The Roots of America’s First Homegrown Terrorist Movement

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In the fall of 1866, in the war-weary town of Pulaski, Tennessee, a group of bored young Confederate veterans came up with a new way to amuse themselves by creating a ghostly costumed fraternity. They called it the Ku Klux Klan, an invented name that they thought would sound mysterious and intriguing. While most of their activities were harmless at first, they also “entertained” themselves by scaring local freed people with menacing antics. hers soon saw the Klan’s sinister potential, turning it into a weapon of war to terrify newly-empowered Blacks and their white allies, destroy the embryonic two-party system in the South, and subvert the recently launched Reconstruction. They were inventing America’s first terrorist movement.

Under former general Nathan Bedford Forrest, the Klan rapidly metastasized across the former Confederacy. Although the Klan was nominally hierarchical, Forrest’s cohort seems to have exerted little direct control outside Tennessee. Forrest himself, however, seems to have functioned as a sort of reactionary Johnny Appleseed, sowing the seeds of insurrection as he traveled the region under cover as an agent for an insurance company, presumably identifying willing local commanders and leaving the seeds of new “dens” or “klans” in his wake.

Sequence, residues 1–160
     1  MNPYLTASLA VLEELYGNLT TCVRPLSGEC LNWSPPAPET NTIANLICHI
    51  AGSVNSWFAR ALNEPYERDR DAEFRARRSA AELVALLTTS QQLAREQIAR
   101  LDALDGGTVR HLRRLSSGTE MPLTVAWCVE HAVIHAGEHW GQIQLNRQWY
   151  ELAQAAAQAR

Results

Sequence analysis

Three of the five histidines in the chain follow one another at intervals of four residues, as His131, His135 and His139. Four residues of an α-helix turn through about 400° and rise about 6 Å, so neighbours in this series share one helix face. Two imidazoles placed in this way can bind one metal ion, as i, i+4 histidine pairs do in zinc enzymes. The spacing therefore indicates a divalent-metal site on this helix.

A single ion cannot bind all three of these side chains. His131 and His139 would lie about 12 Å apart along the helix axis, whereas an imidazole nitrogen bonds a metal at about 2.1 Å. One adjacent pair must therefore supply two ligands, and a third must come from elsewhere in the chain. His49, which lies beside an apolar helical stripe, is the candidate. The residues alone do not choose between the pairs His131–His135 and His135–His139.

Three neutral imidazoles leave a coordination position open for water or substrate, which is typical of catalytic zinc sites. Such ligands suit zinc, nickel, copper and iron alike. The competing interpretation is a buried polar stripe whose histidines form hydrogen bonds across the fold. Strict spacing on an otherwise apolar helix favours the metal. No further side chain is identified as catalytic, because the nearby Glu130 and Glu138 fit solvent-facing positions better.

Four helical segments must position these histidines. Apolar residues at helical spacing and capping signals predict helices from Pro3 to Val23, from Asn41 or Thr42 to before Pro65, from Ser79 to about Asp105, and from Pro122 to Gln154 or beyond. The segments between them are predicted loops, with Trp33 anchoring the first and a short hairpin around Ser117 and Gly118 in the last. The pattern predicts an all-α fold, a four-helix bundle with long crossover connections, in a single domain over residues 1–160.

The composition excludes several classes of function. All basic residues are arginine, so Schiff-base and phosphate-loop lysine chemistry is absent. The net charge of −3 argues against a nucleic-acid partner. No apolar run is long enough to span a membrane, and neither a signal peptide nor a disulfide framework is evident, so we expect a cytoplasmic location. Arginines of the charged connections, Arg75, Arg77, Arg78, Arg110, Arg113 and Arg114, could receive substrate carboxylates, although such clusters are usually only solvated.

Although in practice they operated independently, dens generally shared a similar “prescript,” or constitution, that demanded absolute secrecy and obedience. For five years, with virtual impunity, the Klan’s night-riding gangs flogged, tortured, and lynched politically active Black men, raped their wives, shot their children, burned Black schools, and threatened Republican voters. In many areas, the Klan served as the clandestine military arm of the Democratic party, which stridently opposed all aspects of Reconstruction. In some counties more than half the white male population joined the Klan, including local elites and public officers. Wherever the Klan rode, courts were compromised, juries intimidated, and witnesses too frightened to testify against the Klan’s crimes. Federal troops were spread far too thinly to offer much protection—there were only about 12,000 posted in the South by 1870—and they were mostly barred from taking action against the Klan wherever civil law was theoretically in effect.

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